Dedicated to the world's smallest
DVD-quality camcorder, the Panasonic SV-AV100
We have three topics here - first, the FAQ (at right), then a number of sample downloadable video clips to allow others to see what can be done with the camera. Finally, a section detailing my design of a tripod alternative for the camera - a magnetic altazimuth monopod.

Questions? Visit me at:
The new SV-AV100 Users Forum, a brand new forum with answers, help, and files.
Frequently Asked Questions
I read some articles on the web stating that you might have to upgrade the firmware of this camcorder in order to use any other card besides the Panasonic SD card? Is this true?    Yes. Download my copy. Take an SD card that works with the camera, put it in a card reader, and erase all files from it. Then unzip this file and write the contents on the card. Put the card into the camera and turn it on. The AV100 should detect the software and upgrade. This is for the US/Canada camera only. Do this at your own risk - it worked for me, but I make no guarantees. The original appears to not be online anywhere else. Afterwards you should be able to use any of the recent "fast" 1GB cards.
My video looks worse than your samples!    Well, the camera makes NTSC interlaced video, and you are probably trying to view it on a computer screen. Instead, burn it to a DVD and watch it on your TV. You will be impressed. Computers can't handle interlaced video well. Never deinterlace the video! (unless you are making low resolution 320x240 VCD's out of it.)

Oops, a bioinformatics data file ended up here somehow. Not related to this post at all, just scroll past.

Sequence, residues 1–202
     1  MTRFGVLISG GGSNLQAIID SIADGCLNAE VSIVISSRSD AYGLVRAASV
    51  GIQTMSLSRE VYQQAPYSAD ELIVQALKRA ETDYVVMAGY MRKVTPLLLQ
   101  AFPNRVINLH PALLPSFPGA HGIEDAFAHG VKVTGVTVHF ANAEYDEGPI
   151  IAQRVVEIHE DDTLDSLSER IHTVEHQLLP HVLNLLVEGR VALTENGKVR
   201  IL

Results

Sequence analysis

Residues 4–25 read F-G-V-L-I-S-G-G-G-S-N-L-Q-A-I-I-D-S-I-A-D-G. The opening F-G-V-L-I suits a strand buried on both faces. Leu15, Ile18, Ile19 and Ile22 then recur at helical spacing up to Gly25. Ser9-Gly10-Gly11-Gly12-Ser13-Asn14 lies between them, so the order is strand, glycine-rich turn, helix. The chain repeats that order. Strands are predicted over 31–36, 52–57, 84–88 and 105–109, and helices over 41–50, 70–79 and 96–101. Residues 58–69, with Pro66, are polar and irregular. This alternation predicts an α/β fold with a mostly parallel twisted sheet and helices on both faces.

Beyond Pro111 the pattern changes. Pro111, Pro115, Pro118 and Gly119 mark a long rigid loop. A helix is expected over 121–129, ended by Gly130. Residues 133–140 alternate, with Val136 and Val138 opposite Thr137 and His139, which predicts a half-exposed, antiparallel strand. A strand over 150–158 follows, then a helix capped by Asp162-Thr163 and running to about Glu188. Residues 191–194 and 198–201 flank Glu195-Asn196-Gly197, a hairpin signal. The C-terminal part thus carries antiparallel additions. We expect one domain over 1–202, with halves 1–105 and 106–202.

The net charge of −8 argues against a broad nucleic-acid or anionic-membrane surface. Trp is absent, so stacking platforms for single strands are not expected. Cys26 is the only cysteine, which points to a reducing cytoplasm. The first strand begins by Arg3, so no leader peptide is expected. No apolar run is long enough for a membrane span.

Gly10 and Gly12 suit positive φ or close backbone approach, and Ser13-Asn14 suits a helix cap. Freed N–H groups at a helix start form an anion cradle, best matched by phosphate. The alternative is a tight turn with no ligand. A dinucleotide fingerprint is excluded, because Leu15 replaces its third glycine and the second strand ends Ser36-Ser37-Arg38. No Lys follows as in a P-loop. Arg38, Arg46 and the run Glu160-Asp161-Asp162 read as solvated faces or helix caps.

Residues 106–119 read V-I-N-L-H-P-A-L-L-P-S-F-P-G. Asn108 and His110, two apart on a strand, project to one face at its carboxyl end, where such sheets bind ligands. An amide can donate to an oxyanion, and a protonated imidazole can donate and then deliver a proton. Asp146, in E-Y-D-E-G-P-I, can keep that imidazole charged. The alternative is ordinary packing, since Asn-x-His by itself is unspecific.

My video still doesn't look as good as yours! It jumps all over!    Turn on your EIS. And try to hold the camera still. It's an ultra low mass camera and the slightest tremble of your hand will cause a bigger jump in the picture than any camera you've ever used before. Use something like my monopod, below.
I notice that when background illumination changes, the autoexposure changes the exposure even when the brightness of the subject did not change! What's wrong with this camera?    Panasonic made the mistake of using a still-camera type autoexposure function in their video mode. Minimize the problem like this: In the shooting menu, set the "Program AE" to the "Surf and Snow" setting. Exit the menu and activate the select function on the auto-manual-select switch until it shows the exposure control. If the indicator is in the center of the control, hit the left-arrow control twice. You want the indicator two stops to the left (lower) than the center setting. Leave the switch in the manual setting. Shooting in this mode you will find that the autoexposure is set to its least sensitive setting, but even in this mode you cannot freeze the exposure totally. You will have to readjust the "manual setting" yourself based on your own experience.